24 Elementary Force and Motion Experiments & Activities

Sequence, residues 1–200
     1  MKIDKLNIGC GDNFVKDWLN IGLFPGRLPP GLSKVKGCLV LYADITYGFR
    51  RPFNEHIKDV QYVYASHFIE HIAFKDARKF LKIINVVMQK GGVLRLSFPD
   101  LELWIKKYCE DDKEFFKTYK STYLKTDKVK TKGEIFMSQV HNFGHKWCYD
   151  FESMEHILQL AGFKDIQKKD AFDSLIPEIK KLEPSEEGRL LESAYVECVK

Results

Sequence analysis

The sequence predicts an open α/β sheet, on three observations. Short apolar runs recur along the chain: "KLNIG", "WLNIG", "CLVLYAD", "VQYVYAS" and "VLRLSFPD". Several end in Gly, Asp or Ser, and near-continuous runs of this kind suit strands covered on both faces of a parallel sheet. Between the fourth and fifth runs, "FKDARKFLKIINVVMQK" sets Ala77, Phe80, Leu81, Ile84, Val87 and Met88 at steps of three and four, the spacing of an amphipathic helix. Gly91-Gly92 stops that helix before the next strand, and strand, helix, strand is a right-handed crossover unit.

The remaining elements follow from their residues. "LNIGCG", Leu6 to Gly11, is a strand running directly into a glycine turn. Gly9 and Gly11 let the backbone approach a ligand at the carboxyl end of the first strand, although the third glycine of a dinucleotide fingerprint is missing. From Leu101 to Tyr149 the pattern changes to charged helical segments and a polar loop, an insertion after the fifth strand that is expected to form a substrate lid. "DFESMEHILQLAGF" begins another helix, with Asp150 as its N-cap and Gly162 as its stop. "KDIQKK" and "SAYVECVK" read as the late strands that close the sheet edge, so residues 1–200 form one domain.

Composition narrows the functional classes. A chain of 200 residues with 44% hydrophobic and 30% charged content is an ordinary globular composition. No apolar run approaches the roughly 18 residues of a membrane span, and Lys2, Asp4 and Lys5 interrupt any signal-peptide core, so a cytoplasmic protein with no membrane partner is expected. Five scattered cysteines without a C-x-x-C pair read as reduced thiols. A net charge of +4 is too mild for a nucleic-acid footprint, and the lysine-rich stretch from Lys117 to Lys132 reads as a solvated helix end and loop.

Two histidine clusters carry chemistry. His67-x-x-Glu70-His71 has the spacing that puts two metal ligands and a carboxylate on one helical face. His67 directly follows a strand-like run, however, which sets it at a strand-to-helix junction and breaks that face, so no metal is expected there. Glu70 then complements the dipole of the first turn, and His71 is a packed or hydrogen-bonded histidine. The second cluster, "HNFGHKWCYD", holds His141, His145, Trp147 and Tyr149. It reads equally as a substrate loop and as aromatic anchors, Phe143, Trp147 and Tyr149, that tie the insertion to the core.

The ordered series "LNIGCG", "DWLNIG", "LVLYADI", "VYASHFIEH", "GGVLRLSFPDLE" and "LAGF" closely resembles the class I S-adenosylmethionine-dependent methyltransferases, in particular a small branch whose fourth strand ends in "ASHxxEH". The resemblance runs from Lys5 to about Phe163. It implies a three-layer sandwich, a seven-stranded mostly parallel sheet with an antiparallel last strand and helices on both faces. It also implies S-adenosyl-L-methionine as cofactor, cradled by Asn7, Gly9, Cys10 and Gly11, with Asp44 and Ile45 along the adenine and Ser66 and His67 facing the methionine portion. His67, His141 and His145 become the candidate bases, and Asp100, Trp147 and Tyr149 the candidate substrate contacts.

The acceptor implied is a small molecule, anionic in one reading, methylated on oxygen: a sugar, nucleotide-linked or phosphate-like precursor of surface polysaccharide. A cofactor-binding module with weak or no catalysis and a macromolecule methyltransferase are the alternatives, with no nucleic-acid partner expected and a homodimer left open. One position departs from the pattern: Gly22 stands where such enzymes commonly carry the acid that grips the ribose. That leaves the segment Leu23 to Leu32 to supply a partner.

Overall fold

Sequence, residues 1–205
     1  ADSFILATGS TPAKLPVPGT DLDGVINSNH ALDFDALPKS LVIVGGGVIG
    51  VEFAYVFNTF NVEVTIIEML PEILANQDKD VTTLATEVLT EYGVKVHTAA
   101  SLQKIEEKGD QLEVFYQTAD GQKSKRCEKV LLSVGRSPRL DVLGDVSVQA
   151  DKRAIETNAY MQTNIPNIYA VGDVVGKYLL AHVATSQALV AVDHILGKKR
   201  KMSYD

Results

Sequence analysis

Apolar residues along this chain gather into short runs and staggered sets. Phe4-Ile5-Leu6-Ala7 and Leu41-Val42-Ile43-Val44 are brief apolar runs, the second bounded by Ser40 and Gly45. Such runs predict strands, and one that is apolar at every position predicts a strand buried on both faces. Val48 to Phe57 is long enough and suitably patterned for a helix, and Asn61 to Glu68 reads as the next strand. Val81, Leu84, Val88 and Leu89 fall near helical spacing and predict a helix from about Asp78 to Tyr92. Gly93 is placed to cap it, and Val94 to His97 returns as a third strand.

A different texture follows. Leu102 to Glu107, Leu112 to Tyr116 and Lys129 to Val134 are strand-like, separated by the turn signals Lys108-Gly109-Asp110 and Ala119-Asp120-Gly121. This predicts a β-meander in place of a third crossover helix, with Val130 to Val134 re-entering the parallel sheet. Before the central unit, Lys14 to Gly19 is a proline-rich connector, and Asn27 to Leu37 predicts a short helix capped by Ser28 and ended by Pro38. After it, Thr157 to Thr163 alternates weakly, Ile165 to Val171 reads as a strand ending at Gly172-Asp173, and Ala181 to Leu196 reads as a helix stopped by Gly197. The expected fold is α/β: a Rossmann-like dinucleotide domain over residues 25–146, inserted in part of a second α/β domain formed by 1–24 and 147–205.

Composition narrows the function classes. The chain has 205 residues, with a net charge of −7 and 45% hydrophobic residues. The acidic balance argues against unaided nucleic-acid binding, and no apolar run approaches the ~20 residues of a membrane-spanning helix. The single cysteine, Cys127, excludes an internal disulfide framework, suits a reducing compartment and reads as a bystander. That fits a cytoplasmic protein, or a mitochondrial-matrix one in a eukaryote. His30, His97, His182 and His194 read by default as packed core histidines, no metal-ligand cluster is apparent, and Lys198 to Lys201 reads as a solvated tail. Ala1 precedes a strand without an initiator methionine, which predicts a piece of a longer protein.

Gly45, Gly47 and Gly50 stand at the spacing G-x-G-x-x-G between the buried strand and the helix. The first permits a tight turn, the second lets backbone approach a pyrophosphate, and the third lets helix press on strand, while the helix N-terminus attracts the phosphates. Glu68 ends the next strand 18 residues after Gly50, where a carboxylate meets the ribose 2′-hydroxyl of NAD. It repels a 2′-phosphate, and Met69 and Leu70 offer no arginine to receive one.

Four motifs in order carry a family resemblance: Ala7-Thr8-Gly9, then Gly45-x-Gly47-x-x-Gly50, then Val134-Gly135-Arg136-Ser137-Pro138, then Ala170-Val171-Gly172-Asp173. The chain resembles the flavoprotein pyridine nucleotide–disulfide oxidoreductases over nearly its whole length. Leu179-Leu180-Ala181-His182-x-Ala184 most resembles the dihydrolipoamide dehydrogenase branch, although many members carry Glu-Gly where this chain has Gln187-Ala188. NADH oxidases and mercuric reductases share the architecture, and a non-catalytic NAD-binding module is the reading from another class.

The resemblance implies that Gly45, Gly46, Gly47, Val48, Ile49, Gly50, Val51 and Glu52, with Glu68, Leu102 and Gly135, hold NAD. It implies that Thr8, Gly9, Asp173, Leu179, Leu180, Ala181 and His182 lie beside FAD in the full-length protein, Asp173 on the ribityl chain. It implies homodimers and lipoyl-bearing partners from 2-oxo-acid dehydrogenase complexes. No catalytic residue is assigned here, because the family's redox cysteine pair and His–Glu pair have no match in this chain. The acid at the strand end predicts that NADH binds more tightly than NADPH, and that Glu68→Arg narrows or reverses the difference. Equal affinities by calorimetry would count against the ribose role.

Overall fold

Get teaching with these force and motion experiments, activities and videos to use in the elementary classroom. This collection of  force and motion activities and resources should help you cover the topics like texture, gravity, incline and simple machines.If you’re looking for helpful ideas and lesson plans – then this is the place to start!Do you need a refresher as the teacher before planning your simple machines unit? This simple machines facts page is an excellent (and easy) way to jog your memory.Force and Motion ExperimentsLet’s plan some force and motion experiments for all elementary grades. Some of these can be adapted for different grade levels.source: pre-kpages.comSet up ramps with different textures and send toy cars down. Use lots of questions to guide young students to extend their exploration.source: sciencegal-sciencegal.blogspot.comCreate catapults to explore how to make simple machines. With plastic utensils and marshmallows you’re set to build.source: jdaniel4smom.comTake what you learned about building catapults in the above experiment to build a STEM engineering challenge. Students have to build a basketball hoop with classroom objects and recycled materials.Skip the cars on an incline and go for liquids! Create a viscosity race with stuff from your fridge. Talk about how resistance to flowing is called viscosity and have fun.source: kitchencounterchronicle.comCreate a simple machines challenge. Students must create 3 ways to move a lion (or another small toy) using simple machines. Perfect to accompany the (affiliate) book How Do You Lift a Lion?source: perkinselearning.orgExplore Newton’s first law together – the law of inertia – by seeing it in action. Create towers with note cards, string and a tower to feel the law as you take out each card separately, quickly or try to pull them all out at once!Explore how to move the fulcrum on a lever to experiment how it impacts ease of use. All you need are some simple tools like rulers, a semi-heavy object and something to be the fulcrum.A video explaining how a lever works is included.source: theowlteacher.comConduct trials with toy cars to see how you can make them go faster. Record the distance, time and speed with a free recording sheet.Save a few water bottles and fill them with dry rice. Your students will love exploring friction in this floating rice experiment.Aren’t those fun and clever force and motion experiments? Let’s move onto activities to help reinforce what you’ve taught.Force and Motion Activitiessource: larremoreteachertips.blogspot.comAfter learning about how friction and force moves a roller coaster, set up your classroom to bring the concept to life.source: micheleguieu.comDon’t be afraid to get messy! Combine art with science in this force and motion marble painting activity.Work on note taking. Use free simple machine notebooking pages and have students describe the lever, pulley, inclined plane, wedge, screw and wheel and axle. This would be a good resource for upper elementary.source: littlebinsforlittlehands.comBuild a winch with paper towel tubes, spool and a straw. Students could make this recycled materials winch in pairs or small groups.Attempt to lift heavier objects (by adding pennies to the object being lifted) feeling the change in force it takes to pull it up.source: teachingmyfriends.blogspot.comMake a foldable to summarize Sir Isaac Newton’s Laws of Motion. Write each law and illustrate on the flap.Force and Motion Free Games OnlineExperiment online (for kindergarten and first grade) with this push and pull online activity. [no longer available]Try this forces and movement interactive game for first and second grade. [no longer available]Experiment with forces in action with this online activity for 10-11 year olds. [no longer available]While it’s tricky to build flying contraptions in the classroom – use this how do things fly online simulator to design your own airplanes can make it happen – virtually.Learn about drag, lift, thrust and weight in this interactive activity.Your students will totally get into this online simple machines game. This game can be challenging – but your students will learn! Reading skills are needed.Explore forces, loads, materials and shapes with this interactive force and motion building big activity. This is neat for upper elementary students to see simulated (but interactive) examples of what they are learning about – with more options than you can explore in the classroom.Force and Motion Videos for ElementaryLearn some of the basics with Bill Nye the science guy.Explore force and motion vocabulary with illustrations from The Grinch Who Stole Christmas.This introduction to Newton’s laws is a good video for 4th and 5th grade.I’m a fan of this “What’s Newton’s Laws say?” video that is to the tune of “What Does The Fox Say?” only because it’s a good hook to capture students attention.Here is a list of more force and motion videos for 4th and 5th grade.Ready for more force and motion activities for the classroom? Check out these 19 Fun Ideas & Resources for Force and Motion.More Science

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